Khalfani’s measuring stick for any elected official is the person’s advocacy for Richmond’s black community. By that metric, Wilder has been dead to Khalfani since long before Richmond made the former governor the city’s first popularly elected mayor. “He was just part of that light, bright black coalition,” Khalfani says. “He didn’t do nothing to advocate for his people.”
And Khalfani, for his part, reveled in playing the “chief exposer.” During telecasts, a crawl of then-governor Wilder’s various campaign contributors ran at the bottom of the screen, all the better to illustrate the politician’s ties to the area’s business interests and political financiers.
By the end of Wilder’s term as Richmond mayor, Khalfani had been acting director of the state NAACP for 10 years. As the organization’s one remaining paid staffer, he’s been no less critical of Wilder’s successor.
Khalfani is no fan of Jones the politician. With certain members of City Council taken out of consideration, there’s a legitimate case to be made that he’s been the mayor’s chief political antagonist. But “it’s not personal,” Khalfani says. “Dwight Jones is a nice person. But we [at the NAACP] have permanent interests. Not permanent friends.”
“It’s because I’m the only game in town,” Khalfani says, explaining why employees at city’s juvenile detention center and others chose him and the NAACP as their advocates. “People in this town are afraid to stand up. They come here because they know that we’re not.”
Councilman Jewell has been on the outs with Khalfani before. He was a frequent supporter of Mayor Wilder. Despite that, Jewell has joined Khalfani in raising questions about the city’s procurement of the new jail construction contract, as well as the conditions at the juvenile detention center. “I have a sneaky suspicion that much of the oomph in Salim’s style is generated out of frustration,” Jewell says. “You’ve got a Crusade for Voters that’s not crusading, and an Urban League that’s not leaguing. So it doesn’t bother me when he calls people out. Sometimes that’s necessary to strike a match under the black leaders in town.”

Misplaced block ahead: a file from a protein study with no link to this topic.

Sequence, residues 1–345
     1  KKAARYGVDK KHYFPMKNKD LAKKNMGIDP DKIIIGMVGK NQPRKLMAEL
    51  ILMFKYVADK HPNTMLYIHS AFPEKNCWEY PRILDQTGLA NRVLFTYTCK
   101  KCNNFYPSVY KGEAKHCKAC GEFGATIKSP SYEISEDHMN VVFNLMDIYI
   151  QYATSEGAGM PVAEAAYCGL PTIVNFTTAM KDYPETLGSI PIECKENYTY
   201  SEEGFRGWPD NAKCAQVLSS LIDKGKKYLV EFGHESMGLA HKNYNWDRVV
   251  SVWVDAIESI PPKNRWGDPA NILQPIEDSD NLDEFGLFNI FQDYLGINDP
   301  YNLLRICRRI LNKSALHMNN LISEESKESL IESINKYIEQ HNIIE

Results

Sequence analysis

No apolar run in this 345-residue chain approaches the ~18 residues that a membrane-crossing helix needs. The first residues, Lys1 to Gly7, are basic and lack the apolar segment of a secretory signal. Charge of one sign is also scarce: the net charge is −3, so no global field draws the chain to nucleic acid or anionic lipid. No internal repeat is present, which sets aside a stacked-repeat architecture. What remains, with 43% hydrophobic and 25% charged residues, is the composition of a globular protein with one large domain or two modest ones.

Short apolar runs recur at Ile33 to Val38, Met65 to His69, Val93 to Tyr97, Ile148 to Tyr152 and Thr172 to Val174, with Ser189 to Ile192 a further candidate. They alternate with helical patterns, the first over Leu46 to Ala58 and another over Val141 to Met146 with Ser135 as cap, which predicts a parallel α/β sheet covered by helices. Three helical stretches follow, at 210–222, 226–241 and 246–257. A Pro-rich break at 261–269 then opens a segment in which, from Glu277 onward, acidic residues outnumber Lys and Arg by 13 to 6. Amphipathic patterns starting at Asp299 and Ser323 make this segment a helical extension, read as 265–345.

Khalfani’s methods may be born out of necessity. Ray Boone, owner and publisher of the Richmond Free Press, has known and worked with Khalfani, as well as previous heads of the state branch of the NAACP. Khalfani’s approach to the job differs from his predecessors, Boone says. “But if you look at his lack of resources, his approach makes sense,” he says, referring to the NAACP’s better-funded glory days in the civil-rights era. “Previous directors drove the work through court cases. But he can’t do that. Right now, there’s just him. So, what he’s figured out is if he is vocal about complaints, he can get people who would otherwise be slow to do so to make change.”
The job pays Khalfani a salary of $69,000 per year. But he remains the state NAACP’s only full-time employee. Frustration over the community’s lack of financial support for advocacy groups such as the NAACP bleeds over into his “sermons,” the recorded phone messages he uses as prompts for his voicemail inbox.